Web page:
What is specific about evaluating research?

The International Development Research Centre (IDRC) in Canada primarily funds and facilitates global South-based research for development (R4D).  Its mandate is: “To initiate, encourage, support, and conduct research into the problems of the developing regions of the world and into the means for applying and adapting scientific, technical, and other knowledge to the economic and social advancement of those regions.

Evaluating research for development (R4D) includes several unique features when compared to evaluating other international development interventions.  It is also different from evaluating other areas of research. These differences are described below along with tools to evaluate R4D programming that may be relevant to the evaluation you are commissioning.

Long, non-linear results chains: As shown below, three different projects may all aim to improve health: building a hospital has a clear link with improved health; training health care workers also has a plausible connection to improve health outcomes, though there are more links in a causal chain between that training and improved health; and, finally, a research project that studies food consumption and nutrition in children has an ultimate aim of improving health, but there are many intermediary links in the causal chain before that research can make a difference to the health of the children. Evaluating research for development starts with figuring out what results in that long causal chain you want to evaluate, and then, to assess the contribution of research to the outcomes sought. To evaluate the results of research for development programming, one must accept that result pathways are typically non-linear, context is crucial, and complexity is the norm.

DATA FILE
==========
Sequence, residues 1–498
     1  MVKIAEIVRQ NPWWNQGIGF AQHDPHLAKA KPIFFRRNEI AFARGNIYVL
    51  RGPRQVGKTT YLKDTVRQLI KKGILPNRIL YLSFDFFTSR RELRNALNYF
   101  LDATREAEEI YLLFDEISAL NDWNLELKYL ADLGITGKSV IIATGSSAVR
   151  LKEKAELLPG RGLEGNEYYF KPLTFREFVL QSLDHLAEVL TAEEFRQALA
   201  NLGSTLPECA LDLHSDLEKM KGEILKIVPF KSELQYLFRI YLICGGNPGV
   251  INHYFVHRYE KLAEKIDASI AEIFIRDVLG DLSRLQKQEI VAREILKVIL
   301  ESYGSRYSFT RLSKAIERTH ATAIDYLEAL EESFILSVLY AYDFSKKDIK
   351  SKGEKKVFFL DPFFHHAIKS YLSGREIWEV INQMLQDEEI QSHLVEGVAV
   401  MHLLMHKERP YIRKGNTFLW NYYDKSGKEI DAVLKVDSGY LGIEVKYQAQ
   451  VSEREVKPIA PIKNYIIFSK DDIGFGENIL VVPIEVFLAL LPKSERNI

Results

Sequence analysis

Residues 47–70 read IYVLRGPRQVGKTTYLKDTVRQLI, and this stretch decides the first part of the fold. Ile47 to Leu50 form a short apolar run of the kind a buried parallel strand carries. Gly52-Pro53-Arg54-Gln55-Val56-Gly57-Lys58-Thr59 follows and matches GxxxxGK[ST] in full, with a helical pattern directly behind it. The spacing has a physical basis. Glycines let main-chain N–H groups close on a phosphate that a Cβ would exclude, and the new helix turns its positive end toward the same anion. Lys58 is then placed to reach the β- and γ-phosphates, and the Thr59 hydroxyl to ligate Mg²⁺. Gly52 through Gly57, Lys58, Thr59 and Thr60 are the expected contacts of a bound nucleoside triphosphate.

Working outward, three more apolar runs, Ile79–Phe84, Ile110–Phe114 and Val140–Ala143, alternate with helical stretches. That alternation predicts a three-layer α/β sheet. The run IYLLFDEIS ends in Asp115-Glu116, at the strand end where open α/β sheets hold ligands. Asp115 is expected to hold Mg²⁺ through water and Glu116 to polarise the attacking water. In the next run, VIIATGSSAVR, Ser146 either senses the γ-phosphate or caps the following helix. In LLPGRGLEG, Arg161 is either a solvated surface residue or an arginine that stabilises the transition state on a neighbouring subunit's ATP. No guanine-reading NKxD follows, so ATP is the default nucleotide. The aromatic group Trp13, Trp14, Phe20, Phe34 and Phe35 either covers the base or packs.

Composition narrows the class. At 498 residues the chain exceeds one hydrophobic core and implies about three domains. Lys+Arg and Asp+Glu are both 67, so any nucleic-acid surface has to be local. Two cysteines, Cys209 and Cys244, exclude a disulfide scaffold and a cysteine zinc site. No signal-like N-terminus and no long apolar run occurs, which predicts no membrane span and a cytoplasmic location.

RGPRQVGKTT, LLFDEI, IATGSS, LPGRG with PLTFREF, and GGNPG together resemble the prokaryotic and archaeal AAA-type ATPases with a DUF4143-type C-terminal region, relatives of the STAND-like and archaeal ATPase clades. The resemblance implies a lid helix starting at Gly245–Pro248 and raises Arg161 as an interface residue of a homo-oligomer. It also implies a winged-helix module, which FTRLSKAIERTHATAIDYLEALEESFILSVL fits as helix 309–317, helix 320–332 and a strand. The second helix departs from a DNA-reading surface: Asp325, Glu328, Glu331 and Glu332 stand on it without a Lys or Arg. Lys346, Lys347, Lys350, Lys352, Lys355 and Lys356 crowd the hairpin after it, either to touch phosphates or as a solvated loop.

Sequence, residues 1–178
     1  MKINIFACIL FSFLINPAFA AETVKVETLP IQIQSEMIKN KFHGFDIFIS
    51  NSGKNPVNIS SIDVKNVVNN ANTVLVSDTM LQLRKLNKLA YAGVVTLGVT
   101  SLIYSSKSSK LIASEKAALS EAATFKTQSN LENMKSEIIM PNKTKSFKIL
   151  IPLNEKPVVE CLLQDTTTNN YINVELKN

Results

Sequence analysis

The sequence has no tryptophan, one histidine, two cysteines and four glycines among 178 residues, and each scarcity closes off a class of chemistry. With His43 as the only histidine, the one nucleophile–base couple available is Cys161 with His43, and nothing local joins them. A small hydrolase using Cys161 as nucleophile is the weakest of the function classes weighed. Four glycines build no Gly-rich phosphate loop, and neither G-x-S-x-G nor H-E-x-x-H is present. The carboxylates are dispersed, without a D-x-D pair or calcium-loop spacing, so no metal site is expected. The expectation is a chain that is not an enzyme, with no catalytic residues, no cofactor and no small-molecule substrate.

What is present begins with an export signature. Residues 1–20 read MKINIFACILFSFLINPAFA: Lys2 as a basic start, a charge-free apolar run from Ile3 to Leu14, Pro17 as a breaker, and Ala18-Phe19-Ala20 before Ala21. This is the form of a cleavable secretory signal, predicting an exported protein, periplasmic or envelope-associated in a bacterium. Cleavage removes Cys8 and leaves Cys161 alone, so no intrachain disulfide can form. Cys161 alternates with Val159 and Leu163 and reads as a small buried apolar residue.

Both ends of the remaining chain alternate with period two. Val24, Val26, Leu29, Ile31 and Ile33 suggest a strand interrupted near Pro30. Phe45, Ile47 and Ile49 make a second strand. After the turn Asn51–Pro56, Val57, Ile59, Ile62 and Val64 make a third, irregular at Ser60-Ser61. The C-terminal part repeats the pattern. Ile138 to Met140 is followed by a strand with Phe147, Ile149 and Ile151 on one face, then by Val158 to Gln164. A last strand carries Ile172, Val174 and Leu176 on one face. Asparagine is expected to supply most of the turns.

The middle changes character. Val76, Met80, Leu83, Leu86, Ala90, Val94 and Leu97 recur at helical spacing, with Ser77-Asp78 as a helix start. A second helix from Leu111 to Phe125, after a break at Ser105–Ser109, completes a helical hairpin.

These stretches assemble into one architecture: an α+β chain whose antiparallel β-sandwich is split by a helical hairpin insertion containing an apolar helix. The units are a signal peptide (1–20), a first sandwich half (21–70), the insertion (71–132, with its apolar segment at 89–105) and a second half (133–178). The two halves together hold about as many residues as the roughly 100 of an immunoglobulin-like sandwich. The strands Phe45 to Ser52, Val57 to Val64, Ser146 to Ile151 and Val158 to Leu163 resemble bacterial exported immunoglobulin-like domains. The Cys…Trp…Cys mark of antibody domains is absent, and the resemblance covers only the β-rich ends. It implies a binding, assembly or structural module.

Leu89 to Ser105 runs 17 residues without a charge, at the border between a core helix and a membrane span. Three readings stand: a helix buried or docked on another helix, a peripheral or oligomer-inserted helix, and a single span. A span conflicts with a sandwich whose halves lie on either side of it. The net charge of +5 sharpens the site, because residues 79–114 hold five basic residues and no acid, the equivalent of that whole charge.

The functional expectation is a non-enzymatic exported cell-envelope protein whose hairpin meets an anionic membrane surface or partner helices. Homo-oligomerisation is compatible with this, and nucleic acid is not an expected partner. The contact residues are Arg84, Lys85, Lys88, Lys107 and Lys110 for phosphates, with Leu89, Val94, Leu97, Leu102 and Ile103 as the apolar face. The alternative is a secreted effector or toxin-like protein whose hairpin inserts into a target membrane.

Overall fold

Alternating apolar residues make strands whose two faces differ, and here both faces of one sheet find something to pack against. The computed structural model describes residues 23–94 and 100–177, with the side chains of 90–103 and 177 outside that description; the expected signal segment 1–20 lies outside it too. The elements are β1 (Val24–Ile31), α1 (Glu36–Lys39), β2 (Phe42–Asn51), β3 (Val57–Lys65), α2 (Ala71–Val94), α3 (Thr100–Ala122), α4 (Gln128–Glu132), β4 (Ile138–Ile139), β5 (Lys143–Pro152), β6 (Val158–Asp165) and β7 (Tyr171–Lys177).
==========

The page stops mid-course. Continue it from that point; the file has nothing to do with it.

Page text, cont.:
The types of outcomes of R4D are also different from those of other development interventions. They can include, for example, increased capacity of the individuals, organizations and networks doing the research and using the research. Outcome evaluations might focus on the influence of research on technological development, innovation, or policy and practice changes. They also include efforts to scale up the influence of research.  The following resources can help evaluate R4D outcomes:

  • The Knowledge Translation Toolkit. Bridging the Know–Do Gap: A Resource for Researchers –gives an overview of what knowledge translation entails and how to use it effectively to bridge the “know–do” gap between research, policy, practice, and people. It describes underlying theories and provides strategies and tools to encourage and enable evidence-informed decision making.
  • Evaluating policy influence is the subject of the freely available book by Fred Carden: Knowledge to policy. Making the most of development research – The book starts from a sophisticated understanding about how research influences public policy and decision-making. It shows how research can contribute to better governance in at least three ways: by encouraging open inquiry and debate, by empowering people with the knowledge to hold governments accountable, and by enlarging the array of policy options and solutions available to the policy process.